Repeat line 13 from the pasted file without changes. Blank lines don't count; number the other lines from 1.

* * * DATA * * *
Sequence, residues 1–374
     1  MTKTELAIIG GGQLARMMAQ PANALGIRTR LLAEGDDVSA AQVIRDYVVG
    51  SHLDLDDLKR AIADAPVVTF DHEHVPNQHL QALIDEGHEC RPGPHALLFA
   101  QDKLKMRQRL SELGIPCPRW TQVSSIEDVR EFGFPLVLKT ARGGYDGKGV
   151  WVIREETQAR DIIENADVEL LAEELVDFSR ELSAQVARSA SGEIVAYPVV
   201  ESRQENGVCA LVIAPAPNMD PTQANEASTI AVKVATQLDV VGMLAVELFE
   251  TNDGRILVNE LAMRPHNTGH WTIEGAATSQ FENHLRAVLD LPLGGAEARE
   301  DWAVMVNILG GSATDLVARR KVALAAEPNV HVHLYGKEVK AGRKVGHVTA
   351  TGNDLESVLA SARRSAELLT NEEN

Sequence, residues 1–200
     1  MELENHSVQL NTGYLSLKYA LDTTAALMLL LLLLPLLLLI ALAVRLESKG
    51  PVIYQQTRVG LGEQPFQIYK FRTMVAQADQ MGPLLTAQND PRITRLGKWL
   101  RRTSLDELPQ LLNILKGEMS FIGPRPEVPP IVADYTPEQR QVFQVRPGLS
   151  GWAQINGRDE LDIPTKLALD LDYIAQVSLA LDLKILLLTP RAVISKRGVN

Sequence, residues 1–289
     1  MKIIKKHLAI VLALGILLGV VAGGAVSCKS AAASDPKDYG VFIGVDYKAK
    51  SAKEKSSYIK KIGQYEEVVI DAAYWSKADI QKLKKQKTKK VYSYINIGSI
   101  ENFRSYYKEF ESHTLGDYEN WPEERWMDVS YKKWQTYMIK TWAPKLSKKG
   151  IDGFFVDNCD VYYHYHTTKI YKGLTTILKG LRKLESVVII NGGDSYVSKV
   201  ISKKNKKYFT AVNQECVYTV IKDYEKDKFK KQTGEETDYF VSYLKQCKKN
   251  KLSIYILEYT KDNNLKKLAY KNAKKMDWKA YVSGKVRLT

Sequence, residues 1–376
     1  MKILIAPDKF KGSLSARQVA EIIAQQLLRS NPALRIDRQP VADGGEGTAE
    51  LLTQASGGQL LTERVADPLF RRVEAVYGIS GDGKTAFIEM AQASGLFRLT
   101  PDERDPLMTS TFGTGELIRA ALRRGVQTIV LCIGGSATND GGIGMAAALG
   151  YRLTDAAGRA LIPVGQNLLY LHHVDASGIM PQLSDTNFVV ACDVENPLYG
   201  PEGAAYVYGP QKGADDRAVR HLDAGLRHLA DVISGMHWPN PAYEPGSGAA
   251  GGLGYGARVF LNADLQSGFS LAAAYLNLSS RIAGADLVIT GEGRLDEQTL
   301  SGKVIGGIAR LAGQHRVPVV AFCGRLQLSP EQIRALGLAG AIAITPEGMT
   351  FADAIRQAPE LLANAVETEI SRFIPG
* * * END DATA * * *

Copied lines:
   101  RRTSLDELPQ LLNILKGEMS FIGPRPEVPP IVADYTPEQR QVFQVRPGLS